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What is Low Power FM Radio?
All over the country and across the FM broadcast band, there are radio stations transmitting with the power needed to run a light bulb. These Low Power FM stations (LPFMs ) continuously pump out high-powered content. LPFMs are a forum for nonprofits, schools, churches, community centers, farm worker organizations, unions, environmentalists, and just about anyone else who wants to amplify their message.
The FCC launched the Low Power FM service in 2000 after a grassroots movement from smaller broadcasters who had been forced off the air by increased media consolidation over the past century. The service was entirely commercial-free, and licenses were only granted to registered non-profit organizations. Low Power FM stations could operate at a maximum power of 100 watts and a height of 30 meters, which generally provided solid coverage within a 3.5-mile radius and often reach radios up to 10 miles away.
Unfortunately, as the FCC was starting to license new stations, Congress stopped after a lobbying campaign by larger broadcasters and made some devastating restrictions about where new Low Power FM stations could be placed relative to existing stations. The stated reason for this legislation involved concerns about interference to larger radio stations. The interference concerns were shortly disproved by a third-party taxpayer-funded study and the FCC asked Congress to repeal the legislation, but the restrictions stayed in place for 10 years, severely limiting the availability of Low Power FM channels in urban areas.
The New Wave of Low Power FM
After 10 years of work by Prometheus, our allies across the country, and many champions in Congress, the Local Community Radio Act was signed into law in January of 2011, freeing the FCC to license new stations without the harsh restrictions. The FCC is expected to open a new window for Low Power FM applications in October 2013. Now is the time to start preparing!
What is low power radio?
Low power FM (LPFM) are noncommercial radio stations licensed by the FCC. They are run by nonprofit organizations, schools, community groups, local governments, and churches. They are not available to individuals or for commercial operations. Low power FM stations operate at 100 Watts or less and reach a radius of about 3-10 miles.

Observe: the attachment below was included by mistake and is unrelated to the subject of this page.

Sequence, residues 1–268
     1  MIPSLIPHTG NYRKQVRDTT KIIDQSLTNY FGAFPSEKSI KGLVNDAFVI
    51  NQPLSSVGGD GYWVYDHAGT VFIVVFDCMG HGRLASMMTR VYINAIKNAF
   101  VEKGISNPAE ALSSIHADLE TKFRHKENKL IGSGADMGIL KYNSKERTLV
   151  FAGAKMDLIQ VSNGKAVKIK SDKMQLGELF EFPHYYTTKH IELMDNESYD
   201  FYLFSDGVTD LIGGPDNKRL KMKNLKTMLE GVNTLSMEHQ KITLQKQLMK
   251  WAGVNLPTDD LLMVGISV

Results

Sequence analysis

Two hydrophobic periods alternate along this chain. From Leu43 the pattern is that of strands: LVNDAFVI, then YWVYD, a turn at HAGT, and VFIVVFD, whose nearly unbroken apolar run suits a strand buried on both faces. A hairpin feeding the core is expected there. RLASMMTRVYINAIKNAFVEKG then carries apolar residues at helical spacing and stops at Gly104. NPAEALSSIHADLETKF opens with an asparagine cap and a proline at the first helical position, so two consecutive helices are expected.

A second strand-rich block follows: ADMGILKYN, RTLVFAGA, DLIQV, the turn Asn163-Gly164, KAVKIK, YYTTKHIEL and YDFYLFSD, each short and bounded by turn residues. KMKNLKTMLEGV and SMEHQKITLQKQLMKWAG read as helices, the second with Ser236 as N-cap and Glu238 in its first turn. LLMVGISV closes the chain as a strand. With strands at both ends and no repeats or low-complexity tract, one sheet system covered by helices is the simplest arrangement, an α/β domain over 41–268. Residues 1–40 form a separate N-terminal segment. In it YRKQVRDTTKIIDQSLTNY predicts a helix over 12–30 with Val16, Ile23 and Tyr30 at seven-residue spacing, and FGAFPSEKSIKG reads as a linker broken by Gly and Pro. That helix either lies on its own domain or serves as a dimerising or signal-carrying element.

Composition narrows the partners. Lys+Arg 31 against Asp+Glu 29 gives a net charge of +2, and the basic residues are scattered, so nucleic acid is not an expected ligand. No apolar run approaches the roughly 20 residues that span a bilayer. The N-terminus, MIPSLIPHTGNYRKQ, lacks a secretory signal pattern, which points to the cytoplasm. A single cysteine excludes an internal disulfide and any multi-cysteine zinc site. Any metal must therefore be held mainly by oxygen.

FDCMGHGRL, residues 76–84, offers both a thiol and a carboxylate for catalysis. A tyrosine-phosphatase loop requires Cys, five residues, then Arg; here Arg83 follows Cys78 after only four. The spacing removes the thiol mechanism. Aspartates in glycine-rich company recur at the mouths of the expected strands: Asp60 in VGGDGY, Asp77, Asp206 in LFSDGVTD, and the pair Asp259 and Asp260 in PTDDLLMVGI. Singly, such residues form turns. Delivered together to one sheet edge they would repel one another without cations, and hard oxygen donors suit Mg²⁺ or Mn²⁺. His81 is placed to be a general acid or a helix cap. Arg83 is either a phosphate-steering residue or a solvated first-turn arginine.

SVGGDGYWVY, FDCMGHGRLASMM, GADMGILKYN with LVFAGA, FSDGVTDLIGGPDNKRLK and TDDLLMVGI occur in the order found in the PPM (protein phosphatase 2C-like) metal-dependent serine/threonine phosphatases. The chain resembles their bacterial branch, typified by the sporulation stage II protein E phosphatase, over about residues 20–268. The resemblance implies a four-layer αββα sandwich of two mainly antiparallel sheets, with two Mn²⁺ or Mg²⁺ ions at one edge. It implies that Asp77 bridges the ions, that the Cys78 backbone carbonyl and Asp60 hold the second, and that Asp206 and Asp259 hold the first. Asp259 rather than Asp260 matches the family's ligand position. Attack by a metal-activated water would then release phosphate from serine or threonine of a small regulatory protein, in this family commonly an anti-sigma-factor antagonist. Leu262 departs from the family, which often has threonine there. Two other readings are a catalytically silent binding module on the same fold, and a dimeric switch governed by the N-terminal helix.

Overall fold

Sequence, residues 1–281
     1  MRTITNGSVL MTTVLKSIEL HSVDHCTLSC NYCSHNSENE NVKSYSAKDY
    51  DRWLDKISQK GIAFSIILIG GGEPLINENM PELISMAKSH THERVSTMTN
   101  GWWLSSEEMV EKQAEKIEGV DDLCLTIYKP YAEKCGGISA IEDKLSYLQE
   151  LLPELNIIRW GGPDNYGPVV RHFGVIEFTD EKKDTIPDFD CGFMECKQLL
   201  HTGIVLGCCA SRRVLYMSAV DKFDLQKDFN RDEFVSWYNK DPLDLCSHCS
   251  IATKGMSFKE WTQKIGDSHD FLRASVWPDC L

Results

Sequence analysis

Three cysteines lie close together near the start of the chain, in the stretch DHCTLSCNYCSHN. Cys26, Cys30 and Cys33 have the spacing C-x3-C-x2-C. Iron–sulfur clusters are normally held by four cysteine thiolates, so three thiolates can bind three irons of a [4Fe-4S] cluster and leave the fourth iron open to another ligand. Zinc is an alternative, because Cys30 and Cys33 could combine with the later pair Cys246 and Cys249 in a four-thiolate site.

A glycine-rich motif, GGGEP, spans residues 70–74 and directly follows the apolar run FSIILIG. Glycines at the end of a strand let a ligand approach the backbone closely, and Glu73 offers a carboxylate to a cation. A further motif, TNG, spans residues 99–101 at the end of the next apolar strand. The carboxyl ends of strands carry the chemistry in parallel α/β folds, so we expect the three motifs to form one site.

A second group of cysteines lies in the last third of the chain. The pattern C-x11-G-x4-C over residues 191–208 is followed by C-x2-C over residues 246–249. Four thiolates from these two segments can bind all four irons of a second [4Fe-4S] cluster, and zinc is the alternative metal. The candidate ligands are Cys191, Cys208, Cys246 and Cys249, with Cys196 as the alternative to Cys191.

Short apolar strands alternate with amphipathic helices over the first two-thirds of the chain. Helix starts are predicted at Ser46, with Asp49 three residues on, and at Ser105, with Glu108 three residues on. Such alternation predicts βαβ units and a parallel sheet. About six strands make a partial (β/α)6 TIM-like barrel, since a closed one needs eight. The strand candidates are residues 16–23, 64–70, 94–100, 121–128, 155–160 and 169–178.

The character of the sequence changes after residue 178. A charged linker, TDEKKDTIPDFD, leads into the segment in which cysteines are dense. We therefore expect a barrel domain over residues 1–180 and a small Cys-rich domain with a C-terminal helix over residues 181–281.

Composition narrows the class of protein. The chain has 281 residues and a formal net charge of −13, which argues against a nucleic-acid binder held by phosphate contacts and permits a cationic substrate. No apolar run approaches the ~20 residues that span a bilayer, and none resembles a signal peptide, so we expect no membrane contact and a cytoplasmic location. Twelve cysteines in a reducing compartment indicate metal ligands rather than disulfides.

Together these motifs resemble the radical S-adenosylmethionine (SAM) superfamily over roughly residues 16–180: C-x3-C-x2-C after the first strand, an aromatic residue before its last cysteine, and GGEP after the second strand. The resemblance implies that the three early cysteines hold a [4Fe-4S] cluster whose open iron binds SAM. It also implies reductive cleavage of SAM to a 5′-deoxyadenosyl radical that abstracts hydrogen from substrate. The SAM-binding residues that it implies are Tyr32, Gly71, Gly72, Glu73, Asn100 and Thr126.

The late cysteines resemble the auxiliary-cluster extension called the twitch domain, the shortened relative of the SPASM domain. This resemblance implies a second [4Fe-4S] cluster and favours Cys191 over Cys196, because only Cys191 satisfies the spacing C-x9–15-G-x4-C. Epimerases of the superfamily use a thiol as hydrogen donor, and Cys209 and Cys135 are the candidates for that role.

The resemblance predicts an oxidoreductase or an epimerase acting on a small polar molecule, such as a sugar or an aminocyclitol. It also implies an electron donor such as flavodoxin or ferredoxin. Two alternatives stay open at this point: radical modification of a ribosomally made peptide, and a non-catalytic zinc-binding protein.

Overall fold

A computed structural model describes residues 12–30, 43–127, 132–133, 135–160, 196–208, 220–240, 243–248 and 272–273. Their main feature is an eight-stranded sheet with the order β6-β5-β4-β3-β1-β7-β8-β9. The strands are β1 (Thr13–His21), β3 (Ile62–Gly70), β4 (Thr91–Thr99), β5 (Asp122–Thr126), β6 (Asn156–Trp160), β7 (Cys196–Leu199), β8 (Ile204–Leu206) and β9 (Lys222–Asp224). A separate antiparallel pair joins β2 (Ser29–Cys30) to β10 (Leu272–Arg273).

Thanks to the recent passage of the Local Community Radio Act, there will soon be an opportunity to start new low power FM radio stations for the first time in more than a decade.
When can I apply for a station?
The FCC only takes applications during a licensing “window,” which may only be a week long. At this point the FCC has indicated that the application deadline will happen as in October, 2013. Groups interested in applying for these licenses need to have their applications ready to submit by then. There are many ways to prepare before the window opens. Read more.
How much does it cost to start and run a station?
Startup costs vary widely, depending on the cost of your equipment, studio space, etc. A fairly minimal start-up budget includes around $15,000 worth of equipment. Recurring expenses include rent (unless you already have a suitable space for a studio and an antenna), music licensing fees, equipment maintenance, and people power. Stations that already have space and don't have dedicated paid staff can often operate on $3,000-$10,000 per year.
NOTE: You do not need to have these funds at the time you apply. The actual application is free! An engineering study, often a prerequisite to apply, can cost $500 - $3000. You will likely have 2 - 4 years after you apply to fundraise the total startup costs for your station. Read more.
Are there any costs associated with applying for a license?
The FCC does not charge a fee to apply for an low power FM license. However, you may have to pay an engineer to do a study to determine whether and where there is an available channel. The costs to conduct an engineering study can range anywhere from $500 - $3,000, depending on the complexity of the study. In some places, especially rural areas, a study may not be necessary, because open channels are easier to find with free software. You might also need to consult a lawyer, especially if you are working with a sponsoring nonprofit partner. Read more.